Patrick Radden Keefe (2018)
As good a narrative history of the Troubles as any you’ll find. It skips the broad brush in favour of the effects on three groups of people: the children of Jean McConville, the best-known of the “disappeared”; the coterie around Gerry Adams and Dolours Price; and the authors and interviewers of the Boston College project that captured (and partially revealed) the activities of many of the protagonists on both sides of the divide.
From one perspective this is the right level. The terror campaign – Republican and Loyalist – has had a lot of exposure in terms of the events, but less in terms of the victims (and perpetrators). It’s important to realise how many of those intimately involved came to regard “the struggle” as purposeless in retrospect, and to renounce the violence they had once embraced. Martin McGuinness is the best-known example of this, but there are surprisingly many more.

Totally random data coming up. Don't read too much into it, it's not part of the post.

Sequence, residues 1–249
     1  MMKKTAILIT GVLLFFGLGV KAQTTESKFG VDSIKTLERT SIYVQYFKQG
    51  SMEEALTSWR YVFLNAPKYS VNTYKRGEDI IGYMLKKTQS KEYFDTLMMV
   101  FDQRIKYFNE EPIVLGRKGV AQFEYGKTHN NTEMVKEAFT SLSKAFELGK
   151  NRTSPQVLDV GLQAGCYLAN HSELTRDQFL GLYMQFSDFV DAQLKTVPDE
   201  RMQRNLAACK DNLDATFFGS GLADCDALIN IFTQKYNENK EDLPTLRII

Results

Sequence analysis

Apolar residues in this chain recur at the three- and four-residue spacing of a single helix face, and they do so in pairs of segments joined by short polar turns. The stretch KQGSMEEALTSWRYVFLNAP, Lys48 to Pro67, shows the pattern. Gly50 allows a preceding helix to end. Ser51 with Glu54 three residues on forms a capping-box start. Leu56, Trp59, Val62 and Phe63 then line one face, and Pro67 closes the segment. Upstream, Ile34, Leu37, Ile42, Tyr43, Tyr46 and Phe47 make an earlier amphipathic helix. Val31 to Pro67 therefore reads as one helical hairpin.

From another perspective, however, it’s less satisfactory in that there’s a lack of closure, a continuing lack of agreement about who did what, knew what, and decided what. It will probably need another twenty years before there’s a consensus, and in the meantime this is the most illuminating exploration.
4/5. Finished Friday 3 April, 2020.
(Originally published on Goodreads.)